Tricia Newbold is a White House whistleblower who informed Congress that the Trump administration had repeatedly granted security clearance to at least 25 people whose applications had issues that should have immediately disqualified them. Those applicants could have potentially threatened national security,
It’s reported that others have corroborated her account but are too afraid about the risk to their careers to come forward publicly.
Newbold did something many were not expecting her to do just hours after the House committee released her deposition that the White House had overruled career staff members who denied security clearances. She returned to work.
“As you can imagine,” Ms. Newbold, a 39-year-old employee of the White House Personnel Security Office. “I am extremely nervous for how people at work will treat me.”
Newbold, who has worked at the White House for 18 years, recently spoke with NBC News. During the interview, she shared how her supervisor intentionally humiliated her after being informed of her complaints. Newbold was born with a type of dwarfism and she states that her boss, Carl Kline, intentionally moved files to shelves that were beyond her reach. Taking a stand, Newbold filed an official complaint with the Equal Opportunity Commission.
You can view the interview here.
She shares that in two decades in government service, she’d never been discriminated against because of her height. Until Kline.
Newbold states that Kline moved things out of her reach not once, but a total of three times. After filing the complaint, she was suspended for two weeks without pay.
“It was definitely humiliating,” Newbold said. “But it didn’t stop me from doing what was right. The protection of national security is not a Democratic issue or a Republican issue, it’s an American issue. And we as security professionals owe it to make all our recommendations in the best interest of national security.”
She says that before penning her letter to Congress she had spoken to White House Director of Personnel Security Carl Kline, his supervisor, Chief Operations Officer Samuel Price and “raised my concerns to White House Counsel on numerous occasions.” But she did not stop there: “I raised my concerns to Marcia Kelly, who was the Assistant to the President at the time. I raised my time—or concerns to individuals within Employee Relations, and I raised my concerns to people within the EEO office.” And recently shared her worries with Chief Security Officer Crede Bailey. Despite her best efforts, she got nowhere.
Newbold still works in the White House within the Executive Office of the President. She says that despite everything she still loves her job, but does fear that there will be further retaliation for her actions sharing that, “Absolutely, given the past retaliation, I’m always concerned, but it’s important that we stand up to do the right thing no matter what.”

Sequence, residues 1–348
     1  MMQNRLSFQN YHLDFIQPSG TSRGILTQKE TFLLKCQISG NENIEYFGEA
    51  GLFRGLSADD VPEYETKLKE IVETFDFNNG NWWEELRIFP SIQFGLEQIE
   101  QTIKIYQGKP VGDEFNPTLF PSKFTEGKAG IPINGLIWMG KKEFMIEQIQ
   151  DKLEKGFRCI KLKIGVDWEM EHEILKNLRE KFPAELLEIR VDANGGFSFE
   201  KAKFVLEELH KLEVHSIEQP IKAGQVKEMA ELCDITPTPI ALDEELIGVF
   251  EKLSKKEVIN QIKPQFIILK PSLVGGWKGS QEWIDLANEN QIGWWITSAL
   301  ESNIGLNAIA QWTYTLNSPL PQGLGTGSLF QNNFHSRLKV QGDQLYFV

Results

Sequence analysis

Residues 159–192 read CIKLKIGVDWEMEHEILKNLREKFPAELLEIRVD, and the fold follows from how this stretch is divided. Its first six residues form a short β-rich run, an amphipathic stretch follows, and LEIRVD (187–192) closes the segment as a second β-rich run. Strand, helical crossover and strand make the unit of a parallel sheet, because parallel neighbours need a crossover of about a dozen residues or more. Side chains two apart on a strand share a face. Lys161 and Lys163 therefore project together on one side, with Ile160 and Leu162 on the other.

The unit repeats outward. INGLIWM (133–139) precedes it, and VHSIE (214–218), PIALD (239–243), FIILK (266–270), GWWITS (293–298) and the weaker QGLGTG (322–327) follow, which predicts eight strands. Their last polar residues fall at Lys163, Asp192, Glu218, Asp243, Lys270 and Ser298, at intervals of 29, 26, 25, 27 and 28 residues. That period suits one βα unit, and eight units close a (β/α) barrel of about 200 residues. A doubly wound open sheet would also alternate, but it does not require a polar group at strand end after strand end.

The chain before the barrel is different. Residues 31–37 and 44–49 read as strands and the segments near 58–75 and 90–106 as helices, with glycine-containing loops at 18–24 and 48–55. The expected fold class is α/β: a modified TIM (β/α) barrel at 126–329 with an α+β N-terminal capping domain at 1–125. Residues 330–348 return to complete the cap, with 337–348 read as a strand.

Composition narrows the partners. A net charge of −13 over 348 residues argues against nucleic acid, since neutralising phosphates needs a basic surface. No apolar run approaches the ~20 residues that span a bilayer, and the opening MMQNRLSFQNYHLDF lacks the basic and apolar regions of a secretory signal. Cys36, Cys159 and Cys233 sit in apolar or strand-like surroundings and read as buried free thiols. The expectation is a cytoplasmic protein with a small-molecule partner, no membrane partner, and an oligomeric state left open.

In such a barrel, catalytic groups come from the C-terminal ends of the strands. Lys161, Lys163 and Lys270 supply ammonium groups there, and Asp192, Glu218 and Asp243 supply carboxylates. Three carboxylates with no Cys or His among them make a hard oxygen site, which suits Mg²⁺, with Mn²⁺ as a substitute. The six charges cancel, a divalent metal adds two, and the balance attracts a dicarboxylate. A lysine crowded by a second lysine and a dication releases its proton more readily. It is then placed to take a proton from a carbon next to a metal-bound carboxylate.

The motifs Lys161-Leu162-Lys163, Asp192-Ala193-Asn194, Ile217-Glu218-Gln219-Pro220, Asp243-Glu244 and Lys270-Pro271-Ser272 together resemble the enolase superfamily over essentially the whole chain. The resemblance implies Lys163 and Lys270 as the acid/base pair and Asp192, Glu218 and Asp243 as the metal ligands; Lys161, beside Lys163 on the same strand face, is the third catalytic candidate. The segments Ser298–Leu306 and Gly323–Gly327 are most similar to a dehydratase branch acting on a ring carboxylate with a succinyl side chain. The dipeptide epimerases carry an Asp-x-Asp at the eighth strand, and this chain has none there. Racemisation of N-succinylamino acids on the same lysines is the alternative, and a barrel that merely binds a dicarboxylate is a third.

Elijah Cummings, the House Oversight Committee Chairman, met with Newbold secretly back in March. They discussed her allegations.
Jared Kushner, Ivanka Trump’s husband, was one of the 25 individuals whose security clearance was rejected by security specialists, but Kline stepped in and approved his application. Cummings is currently investigating the situation and he has supported Kline.
Kline has since left his position at the White House and is now working for the Pentagon. Kline has not commented on the situation, but his attorney, Robert Driscoll, recently stated that “The subpoena issued today does not change Mr. Kline’s willingness to appear before the committee to answer its legitimate questions truthfully,” Driscoll said in a statement. “The facts will prove that he acted appropriately at all times.”
Newbold has served under four presidential administrations. She began her career in 2000 under President Clinton. Under the Trump Administration, she has had to watch as positions were filled by individuals that had little to no experience in vetting in the interest of national security.
Ms. Newbold told the committee that at least two senior administration officials had been granted security clearances, which then gave them access to classified information despite their files having issues that should have immediately disqualified them as potential threats to national security. Some of the issues that were red-flagged were financial issues, drug problems, and criminal conduct.
She said while she got that denials could be reversed, she believes “…that these decisions were occurring without proper analysis, documentation, or a full understanding and acceptance of the risks.”
Democrats on the committee are now demanding information from the White House about Ivanka Trump who was granted a security clearance shortly after her husband, Jared Kushner, Trump claims her father had nothing to do with her or her husband’s security clearance approval.
Newbold also told the committee that Kline oversaw files that included “extensive and sensitive background check documents” and that those files were not secured properly. She adds that Kline stopped doing proper credit checks for potential employees.
“As little as I am, I’m willing to fight and stand up for what I know is right, and they’ve always respected that about me,” Ms. Newbold told the House committee last week. “It’s humiliating to not be able to independently work and do the job that you need.”